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The impact of repetitive long-duration water immersion on vascular function.

The impact of repetitive long-duration water immersion on vascular function.
Author Information (click to view)

Simmons EE, Bergeron ER, Florian JP,


Simmons EE, Bergeron ER, Florian JP, (click to view)

Simmons EE, Bergeron ER, Florian JP,

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PloS one 2017 07 2712(7) e0181673 doi 10.1371/journal.pone.0181673
Abstract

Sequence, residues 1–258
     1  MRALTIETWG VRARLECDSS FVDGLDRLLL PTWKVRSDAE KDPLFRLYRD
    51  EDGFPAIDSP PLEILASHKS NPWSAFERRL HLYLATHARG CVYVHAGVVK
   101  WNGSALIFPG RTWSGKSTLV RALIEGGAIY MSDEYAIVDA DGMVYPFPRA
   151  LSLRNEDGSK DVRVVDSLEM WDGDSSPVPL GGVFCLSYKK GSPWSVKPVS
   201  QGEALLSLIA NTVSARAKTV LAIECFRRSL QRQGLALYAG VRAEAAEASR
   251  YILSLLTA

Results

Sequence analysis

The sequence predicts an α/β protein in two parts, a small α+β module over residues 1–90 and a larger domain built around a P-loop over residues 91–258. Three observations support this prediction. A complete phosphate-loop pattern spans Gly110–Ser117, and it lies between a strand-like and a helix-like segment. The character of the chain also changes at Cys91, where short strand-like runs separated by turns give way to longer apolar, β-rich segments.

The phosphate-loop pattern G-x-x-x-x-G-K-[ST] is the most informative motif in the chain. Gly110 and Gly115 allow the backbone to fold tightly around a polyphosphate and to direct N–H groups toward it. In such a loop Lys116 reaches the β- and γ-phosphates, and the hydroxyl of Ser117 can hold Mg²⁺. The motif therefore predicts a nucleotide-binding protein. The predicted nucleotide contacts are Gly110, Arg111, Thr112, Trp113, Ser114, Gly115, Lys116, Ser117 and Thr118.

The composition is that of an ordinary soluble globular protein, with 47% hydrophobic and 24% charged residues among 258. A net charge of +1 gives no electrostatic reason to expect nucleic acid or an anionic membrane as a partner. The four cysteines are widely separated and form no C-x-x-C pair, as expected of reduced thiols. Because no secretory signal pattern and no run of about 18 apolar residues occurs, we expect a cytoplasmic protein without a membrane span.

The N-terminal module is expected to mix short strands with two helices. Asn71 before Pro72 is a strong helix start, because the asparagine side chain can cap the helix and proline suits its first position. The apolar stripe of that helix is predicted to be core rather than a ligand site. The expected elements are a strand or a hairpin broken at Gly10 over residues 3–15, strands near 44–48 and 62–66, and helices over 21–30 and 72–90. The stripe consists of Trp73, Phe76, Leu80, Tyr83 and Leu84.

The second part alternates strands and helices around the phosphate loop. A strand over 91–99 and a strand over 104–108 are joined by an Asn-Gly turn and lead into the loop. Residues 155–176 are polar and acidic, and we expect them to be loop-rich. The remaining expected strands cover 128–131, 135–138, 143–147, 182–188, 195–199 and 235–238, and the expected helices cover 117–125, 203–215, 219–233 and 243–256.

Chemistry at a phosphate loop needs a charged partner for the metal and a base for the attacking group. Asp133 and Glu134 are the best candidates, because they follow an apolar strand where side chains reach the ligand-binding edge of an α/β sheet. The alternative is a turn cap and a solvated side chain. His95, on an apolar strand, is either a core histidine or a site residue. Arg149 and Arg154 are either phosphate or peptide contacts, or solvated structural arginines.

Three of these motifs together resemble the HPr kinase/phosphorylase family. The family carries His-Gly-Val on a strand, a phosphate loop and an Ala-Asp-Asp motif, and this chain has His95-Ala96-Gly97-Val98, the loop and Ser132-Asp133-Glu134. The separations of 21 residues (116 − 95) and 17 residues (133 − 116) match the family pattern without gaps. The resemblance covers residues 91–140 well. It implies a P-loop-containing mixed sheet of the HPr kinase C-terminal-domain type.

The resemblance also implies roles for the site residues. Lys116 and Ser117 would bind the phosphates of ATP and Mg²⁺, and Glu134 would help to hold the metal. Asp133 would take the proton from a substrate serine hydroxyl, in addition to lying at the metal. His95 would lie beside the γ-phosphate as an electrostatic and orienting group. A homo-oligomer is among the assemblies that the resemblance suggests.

While physiological responses to water immersion (WI) are well-studied, the vascular responses after WI are less understood. Fifteen male subjects performed six-hour resting thermoneutral water immersions (WI) at 1.35 atmospheres absolute for four consecutive days, with follow-up on the fifth day. Measurements included peripheral endothelial function and augmentation index (PAT, peripheral arterial tonometry), beat-to-beat blood pressure (BP, photoplethysmography), heart rate (HR), and plasma volume (PV) calculated from changes in hemoglobin and hematocrit. The reactive hyperemia index (RHI), a marker of peripheral endothelial function, increased with repeated immersions (p = 0.008). By WI2 and WI3, RHI increased 12% and 16%, respectively, compared to WI1 values, but no significant differences were detected between WI4 and WI1 for either measure. Absolute augmentation index (AI) increased by an average of 33% (p<0.001) and AI normalized for HR (AI@75) by 11% (p = 0.12) following each WI. PV decreased significantly by 13.2% following WI and remained 6.8% lower at follow-up compared to pre-WI. Systolic blood pressure significantly decreased by an average of 2.5% following each WI (p = 0.012). Compared to pre-WI HR, average post-WI HR decreased 4.3% lower (p<0.001), but increased overall by 8.2% over the course of repeated WI (p<0.001). Total peripheral resistance increased by an average of 13.1% following WI (p = 0.003). Thus, peripheral endothelial function increases after two days of WI, and PAT-derived measures of arterial stiffness increase transiently post-WI. Additionally, BP and PAT-derived endothelial function diverge from their usual associations with arterial stiffness (i.e. augmentation index) in the context of WI.

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